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How Large are Global Energy Subsidies?

Author

Listed:
  • David Coady
  • Ian Parry
  • Louis Sears
  • Baoping Shang

Abstract

This paper estimates fossil fuel subsidies and the economic and environmental benefits from reforming them, focusing mostly on a broad notion of subsidies arising when consumer prices are below supply costs plus environmental costs and general consumption taxes. Subsidies are $4.9 trillion worldwide in 2013 and $5.3 trillion in 2015 (6.5 percent of global GDP in both years). Undercharging for global warming accounts for 22 percent of the subsidy in 2013, air pollution 46 percent, broader vehicle externalities 13 percent, supply costs 11 percent, and general consumer taxes 8 percent. China was the biggest subsidizer in 2013 ($1.8 trillion), followed by the United States ($0.6 trillion), and Russia, the European Union, and India (each with about $0.3 trillion). Eliminating subsidies would have reduced carbon emissions in 2013 by 21 percent and fossil fuel air pollution deaths 55 percent, while raising revenue of 4 percent, and social welfare by 2.2 percent, of global GDP.

Suggested Citation

  • David Coady & Ian Parry & Louis Sears & Baoping Shang, 2016. "How Large are Global Energy Subsidies?," CESifo Working Paper Series 5814, CESifo.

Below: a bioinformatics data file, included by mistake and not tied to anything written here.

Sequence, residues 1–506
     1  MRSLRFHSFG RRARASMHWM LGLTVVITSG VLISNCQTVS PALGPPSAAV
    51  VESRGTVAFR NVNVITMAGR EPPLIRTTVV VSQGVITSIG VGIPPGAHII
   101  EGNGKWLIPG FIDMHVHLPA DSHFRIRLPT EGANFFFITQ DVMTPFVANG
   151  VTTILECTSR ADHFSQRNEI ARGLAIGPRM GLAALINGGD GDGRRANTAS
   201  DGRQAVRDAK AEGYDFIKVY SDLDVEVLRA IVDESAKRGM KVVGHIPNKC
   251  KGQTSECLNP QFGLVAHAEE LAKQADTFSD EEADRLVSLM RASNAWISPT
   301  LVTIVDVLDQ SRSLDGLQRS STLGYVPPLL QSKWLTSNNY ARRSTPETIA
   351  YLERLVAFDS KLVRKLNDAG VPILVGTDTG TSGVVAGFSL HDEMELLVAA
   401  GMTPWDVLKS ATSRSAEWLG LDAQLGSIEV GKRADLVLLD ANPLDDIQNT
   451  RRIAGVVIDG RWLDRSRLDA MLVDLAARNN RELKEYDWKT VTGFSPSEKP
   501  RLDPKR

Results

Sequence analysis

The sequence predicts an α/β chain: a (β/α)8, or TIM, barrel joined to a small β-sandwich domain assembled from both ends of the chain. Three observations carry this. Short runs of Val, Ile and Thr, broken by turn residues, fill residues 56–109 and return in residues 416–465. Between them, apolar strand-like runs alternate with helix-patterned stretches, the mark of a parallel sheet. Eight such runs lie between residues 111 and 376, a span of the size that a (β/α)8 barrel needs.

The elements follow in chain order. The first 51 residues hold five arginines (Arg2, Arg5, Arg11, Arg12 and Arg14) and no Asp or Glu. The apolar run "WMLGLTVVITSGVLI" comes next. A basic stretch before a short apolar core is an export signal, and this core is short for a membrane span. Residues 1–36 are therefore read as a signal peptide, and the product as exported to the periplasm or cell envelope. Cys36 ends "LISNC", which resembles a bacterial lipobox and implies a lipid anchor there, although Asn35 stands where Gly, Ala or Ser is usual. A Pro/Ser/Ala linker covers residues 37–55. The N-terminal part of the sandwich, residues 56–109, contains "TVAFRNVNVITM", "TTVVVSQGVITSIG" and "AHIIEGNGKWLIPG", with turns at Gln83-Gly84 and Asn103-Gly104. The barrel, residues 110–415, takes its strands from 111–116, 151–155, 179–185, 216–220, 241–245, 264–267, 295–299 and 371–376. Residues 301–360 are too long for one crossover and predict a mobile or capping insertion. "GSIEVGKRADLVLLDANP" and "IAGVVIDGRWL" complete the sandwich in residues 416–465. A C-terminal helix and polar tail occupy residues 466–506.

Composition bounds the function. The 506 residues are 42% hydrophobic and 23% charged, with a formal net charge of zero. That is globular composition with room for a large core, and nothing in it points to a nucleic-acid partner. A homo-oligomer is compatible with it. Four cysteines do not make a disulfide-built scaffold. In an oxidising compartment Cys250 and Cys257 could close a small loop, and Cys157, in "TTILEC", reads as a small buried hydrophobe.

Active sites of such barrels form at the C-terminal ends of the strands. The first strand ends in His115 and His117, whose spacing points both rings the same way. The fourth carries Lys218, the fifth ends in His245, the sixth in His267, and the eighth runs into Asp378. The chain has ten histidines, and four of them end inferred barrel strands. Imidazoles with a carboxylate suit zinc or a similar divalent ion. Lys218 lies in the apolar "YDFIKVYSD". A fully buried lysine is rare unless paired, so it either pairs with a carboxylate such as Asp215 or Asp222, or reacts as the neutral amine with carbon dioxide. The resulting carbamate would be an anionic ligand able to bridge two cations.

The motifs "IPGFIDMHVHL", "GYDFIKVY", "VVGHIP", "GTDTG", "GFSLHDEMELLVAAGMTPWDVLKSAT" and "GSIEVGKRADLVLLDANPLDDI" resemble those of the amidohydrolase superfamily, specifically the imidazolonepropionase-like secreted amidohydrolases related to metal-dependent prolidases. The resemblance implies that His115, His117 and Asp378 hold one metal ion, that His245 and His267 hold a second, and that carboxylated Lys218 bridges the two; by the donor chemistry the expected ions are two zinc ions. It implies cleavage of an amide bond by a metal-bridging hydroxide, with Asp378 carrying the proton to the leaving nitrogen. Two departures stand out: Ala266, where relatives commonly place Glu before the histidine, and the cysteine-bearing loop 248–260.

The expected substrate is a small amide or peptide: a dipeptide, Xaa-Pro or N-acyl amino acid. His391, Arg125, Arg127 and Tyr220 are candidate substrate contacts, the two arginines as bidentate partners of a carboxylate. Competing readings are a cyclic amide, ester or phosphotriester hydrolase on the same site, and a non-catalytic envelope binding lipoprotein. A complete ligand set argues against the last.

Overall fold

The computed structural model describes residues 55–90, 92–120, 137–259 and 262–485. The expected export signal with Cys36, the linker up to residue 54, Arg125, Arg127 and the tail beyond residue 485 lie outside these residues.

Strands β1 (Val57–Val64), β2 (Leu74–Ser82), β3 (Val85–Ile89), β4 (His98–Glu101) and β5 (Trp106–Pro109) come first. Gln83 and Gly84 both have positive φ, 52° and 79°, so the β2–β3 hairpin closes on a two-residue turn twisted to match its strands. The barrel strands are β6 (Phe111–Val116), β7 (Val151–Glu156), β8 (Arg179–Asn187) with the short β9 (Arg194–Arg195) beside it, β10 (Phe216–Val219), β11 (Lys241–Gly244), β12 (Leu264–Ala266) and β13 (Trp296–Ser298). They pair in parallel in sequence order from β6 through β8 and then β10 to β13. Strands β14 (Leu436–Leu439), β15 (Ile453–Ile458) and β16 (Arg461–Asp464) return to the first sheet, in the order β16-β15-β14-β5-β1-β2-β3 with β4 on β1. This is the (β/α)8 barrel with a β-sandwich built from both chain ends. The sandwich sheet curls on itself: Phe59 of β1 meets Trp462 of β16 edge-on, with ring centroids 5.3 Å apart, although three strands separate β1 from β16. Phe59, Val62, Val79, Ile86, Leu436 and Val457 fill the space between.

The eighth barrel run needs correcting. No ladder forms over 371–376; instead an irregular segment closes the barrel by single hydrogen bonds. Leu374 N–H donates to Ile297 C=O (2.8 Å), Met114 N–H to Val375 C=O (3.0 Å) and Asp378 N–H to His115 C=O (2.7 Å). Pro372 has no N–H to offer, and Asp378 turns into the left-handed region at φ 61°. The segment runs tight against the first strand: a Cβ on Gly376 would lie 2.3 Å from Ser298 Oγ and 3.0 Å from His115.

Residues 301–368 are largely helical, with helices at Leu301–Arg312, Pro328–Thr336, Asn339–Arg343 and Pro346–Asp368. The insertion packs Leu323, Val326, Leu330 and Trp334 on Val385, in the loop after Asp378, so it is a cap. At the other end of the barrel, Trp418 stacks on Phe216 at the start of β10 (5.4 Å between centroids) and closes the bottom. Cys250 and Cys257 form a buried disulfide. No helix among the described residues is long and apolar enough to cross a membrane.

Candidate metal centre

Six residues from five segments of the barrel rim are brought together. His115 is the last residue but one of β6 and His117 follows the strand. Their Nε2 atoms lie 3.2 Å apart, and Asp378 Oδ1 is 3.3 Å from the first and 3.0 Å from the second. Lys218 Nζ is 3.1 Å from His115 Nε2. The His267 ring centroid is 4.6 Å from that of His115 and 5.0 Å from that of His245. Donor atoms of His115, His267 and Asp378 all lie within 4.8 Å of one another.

• Handle: RePEc:ces:ceswps:_5814
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    References listed on IDEAS

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    More about this item

    Keywords

    energy subsidies; global warming; air pollution; efficient taxation; deadweight loss; revenue;
    All these keywords.

    JEL classification:

    • Q31 - Agricultural and Natural Resource Economics; Environmental and Ecological Economics - - Nonrenewable Resources and Conservation - - - Demand and Supply; Prices
    • Q38 - Agricultural and Natural Resource Economics; Environmental and Ecological Economics - - Nonrenewable Resources and Conservation - - - Government Policy (includes OPEC Policy)
    • Q48 - Agricultural and Natural Resource Economics; Environmental and Ecological Economics - - Energy - - - Government Policy

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